Europe for sale: the crisis buffeting the Old Continent opens doors for a new landing of Latin American companies in the region.

Author:Manaut, Sergio
Position:STRATEGY: MULTILATINAS
 
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In 1890, the shoe manufacturer Alpargatas ventured out of Argentina to open a foreign affiliate in Uruguay. In 1905, the agricultural firm Bunge & Born followed its Buenos Aires neighbor. They were pioneers. Some companies opened shop beyond their national borders, but they were more the exception than the rule. The region gained relevance only as the developed economies wallowed in the crisis that struck in 2008. Favorable macroeconomic data sparked the birth and consolidation of big Latin American companies--mainly Brazilian and Mexican--that have gone out to play in the global league. "The boom of the multilatinas coincides with the growth of the region, whose markets remained small. As well, these companies knew how to benefit from their experience navigating in turbulent waters," says Enrique Iglesias, secretary general of the General Secretariat of Spanish America.

Now they want more. But first, a bit of history. The origin of the Latin wave may be explained by certain factors. It's not an accident that many multilatinas focus on exploitation of raw materials such as mining, extraction of fossil fuels and food production. These natural competitive advantages were first brought into play by the boom emanating from China and India, who became major customers for raw materials. Thus, natural resources loom large for the multilatinas. There we see Petrobras, Pdvsa, Vale and Grupo Mexico. The multilatinas also compete in mature consumer product sectors such as food and drink: Femsa, Bimbo, Mar frig, Arcor, Concha y Toro, and Brasil Foods are in no-holds-barred battles with rivals the size of Dannone or Nestle. Then there's Embraer in the segment of medium-sized commercial aircraft, and Brightstar in sectors with a large component of technology.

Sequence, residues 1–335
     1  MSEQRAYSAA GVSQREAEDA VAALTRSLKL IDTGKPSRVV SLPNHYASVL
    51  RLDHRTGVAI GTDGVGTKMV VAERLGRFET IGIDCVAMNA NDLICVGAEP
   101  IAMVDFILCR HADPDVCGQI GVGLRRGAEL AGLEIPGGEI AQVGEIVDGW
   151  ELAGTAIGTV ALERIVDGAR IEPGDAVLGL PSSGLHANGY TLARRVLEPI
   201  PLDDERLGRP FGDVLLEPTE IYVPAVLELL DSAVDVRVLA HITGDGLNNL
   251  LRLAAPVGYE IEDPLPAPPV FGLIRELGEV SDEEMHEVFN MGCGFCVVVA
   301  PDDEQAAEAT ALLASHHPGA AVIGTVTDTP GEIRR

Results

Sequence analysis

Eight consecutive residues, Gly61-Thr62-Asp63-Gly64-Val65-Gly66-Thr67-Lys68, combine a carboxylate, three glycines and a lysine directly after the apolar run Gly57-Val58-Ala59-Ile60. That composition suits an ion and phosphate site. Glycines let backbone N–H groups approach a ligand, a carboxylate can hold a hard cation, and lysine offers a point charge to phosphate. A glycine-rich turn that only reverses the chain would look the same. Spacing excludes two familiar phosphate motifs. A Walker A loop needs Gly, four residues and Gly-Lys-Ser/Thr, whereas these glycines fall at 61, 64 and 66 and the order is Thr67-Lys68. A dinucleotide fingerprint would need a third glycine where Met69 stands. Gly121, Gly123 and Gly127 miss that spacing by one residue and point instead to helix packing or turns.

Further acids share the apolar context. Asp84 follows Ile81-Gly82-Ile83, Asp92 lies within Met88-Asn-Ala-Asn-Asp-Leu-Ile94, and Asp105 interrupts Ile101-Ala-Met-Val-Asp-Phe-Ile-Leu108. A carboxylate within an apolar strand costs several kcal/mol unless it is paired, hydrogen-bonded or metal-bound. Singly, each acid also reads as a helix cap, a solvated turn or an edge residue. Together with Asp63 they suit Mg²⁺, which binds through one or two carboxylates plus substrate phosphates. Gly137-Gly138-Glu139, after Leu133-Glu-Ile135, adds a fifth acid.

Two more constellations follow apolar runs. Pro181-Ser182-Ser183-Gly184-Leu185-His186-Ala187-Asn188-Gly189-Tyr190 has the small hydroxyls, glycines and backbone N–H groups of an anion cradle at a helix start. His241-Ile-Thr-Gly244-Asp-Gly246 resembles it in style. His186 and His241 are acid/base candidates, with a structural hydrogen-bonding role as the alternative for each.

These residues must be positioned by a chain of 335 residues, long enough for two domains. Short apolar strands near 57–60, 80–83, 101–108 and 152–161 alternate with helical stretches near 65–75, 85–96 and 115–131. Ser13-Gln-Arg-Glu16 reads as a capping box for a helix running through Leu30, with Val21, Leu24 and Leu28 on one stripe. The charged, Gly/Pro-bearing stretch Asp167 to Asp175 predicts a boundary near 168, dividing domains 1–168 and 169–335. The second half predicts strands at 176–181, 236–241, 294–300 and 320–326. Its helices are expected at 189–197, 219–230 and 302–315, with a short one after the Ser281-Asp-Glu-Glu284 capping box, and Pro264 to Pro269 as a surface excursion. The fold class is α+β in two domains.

THE SECOND WAVE

Ramon Casilda, author of Emerging Latin America, argues that "Spain bet on Latin America and today that region has to bet on Spain." While asking for reciprocity, he forgets an important fact: the Spanish companies entered the region to take advantage of the low prices arising from the privatization wave. Do such bargains exist today in Spain and Europe?

A recent report from the Economic Commission for Latin America says the current situation in the European Union could open new possibilities for trans-latinas, especially in terms of acquisitions. The Commission argues that the loss of value and the need for capital by some companies could help the trans-latinas continue...

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